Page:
A rare cause of late onset neurological deficit in post tuberculous kyphotic deformity—case report
Case Report

A rare cause of late onset neurological deficit in post tuberculous kyphotic deformity—case report

Suresh Subramani, Ajoy Prasad Shetty, Rishi M. Kanna, Shanmuganathan Rajasekaran

Ganga Medical Centre, Coimbatore, India

Correspondence to: Suresh Subramani. Ganga Medical Centre, Coimbatore, India. Email: drsuresh2002@gmail.com.

Abstract: Late onset neurological deficit is a rare complication of spinal tuberculosis. Reactivation of the disease and compression by internal gibbus are the common causes for late onset neurological deficit. We report a rare cause of late onset paraplegia in a patient with post tubercular kyphotic deformity. The late onset neurological deficit was due to the adjacent segment degeneration proximal to the kyphotic deformity. Posterior hypertrophied ligamentum flavum and anterior disc osteophyte complex caused the cord compression. The increased stress for prolonged period at the end of the deformity was the reason for the accelerated degeneration. Patient underwent posterior decompression, posterolateral and interbody fusion. Deformity correction was not done. To our best knowledge, this is only the second report of this unusual cause of late onset paraplegia.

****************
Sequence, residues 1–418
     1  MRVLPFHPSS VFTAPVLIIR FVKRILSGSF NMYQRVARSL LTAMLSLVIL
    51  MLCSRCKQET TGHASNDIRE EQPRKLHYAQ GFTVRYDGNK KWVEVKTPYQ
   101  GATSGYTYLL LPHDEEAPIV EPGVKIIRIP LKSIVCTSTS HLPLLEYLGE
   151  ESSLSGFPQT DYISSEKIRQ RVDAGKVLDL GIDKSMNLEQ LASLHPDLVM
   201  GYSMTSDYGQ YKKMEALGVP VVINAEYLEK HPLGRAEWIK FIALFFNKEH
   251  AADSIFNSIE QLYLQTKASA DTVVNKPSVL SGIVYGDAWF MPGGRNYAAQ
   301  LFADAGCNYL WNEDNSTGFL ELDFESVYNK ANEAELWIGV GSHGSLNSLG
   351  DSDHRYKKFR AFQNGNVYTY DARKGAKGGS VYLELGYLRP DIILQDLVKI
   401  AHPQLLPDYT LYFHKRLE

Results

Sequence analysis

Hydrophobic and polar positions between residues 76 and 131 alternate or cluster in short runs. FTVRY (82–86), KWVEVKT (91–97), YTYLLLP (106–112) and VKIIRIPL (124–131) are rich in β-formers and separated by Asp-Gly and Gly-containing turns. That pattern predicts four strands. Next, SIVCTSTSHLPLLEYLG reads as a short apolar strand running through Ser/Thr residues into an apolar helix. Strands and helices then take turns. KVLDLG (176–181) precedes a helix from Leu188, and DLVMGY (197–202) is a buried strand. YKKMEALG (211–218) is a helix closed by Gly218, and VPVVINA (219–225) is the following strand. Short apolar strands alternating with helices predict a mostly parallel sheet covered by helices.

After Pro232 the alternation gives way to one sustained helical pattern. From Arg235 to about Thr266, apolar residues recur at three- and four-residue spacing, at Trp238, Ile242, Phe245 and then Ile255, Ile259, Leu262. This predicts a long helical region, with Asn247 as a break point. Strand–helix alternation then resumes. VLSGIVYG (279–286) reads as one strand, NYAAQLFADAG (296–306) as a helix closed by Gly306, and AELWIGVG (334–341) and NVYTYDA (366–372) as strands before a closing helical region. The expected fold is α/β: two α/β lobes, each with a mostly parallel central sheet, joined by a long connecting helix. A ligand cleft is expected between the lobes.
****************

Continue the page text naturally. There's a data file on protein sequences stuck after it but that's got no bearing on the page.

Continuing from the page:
Keywords: Late onset; tuberculosis; kyphosis; adjacent segment; degeneration


Submitted Aug 28, 2016. Accepted for publication Aug 30, 2017.

doi: 10.21037/jss.2017.12.01


Introduction

Tuberculosis remains the commonest cause for kyphotic deformity in the developing world (1). Patients with thoracolumbar involvement, loss of more than two vertebral bodies, age less than 7 years and presence of radiographic spine-at-risk signs are more prone to get deformity with spinal tuberculosis (2). Stretching over prolonged period causes demyelination, neuronal loss and vascular changes in the spinal cord (3). In congenital and post traumatic kyphosis, neurological deficit occurs because of stretching effect. But in post tuberculous kyphotic deformity, the neurological deficit can occur due to reactivation of the disease or the mechanical effect (4,5). We are reporting a rare cause of neurological deficit caused by adjacent segment degeneration just proximal to the deformity in a patient with post tuberculous kyphosis.


Case presentation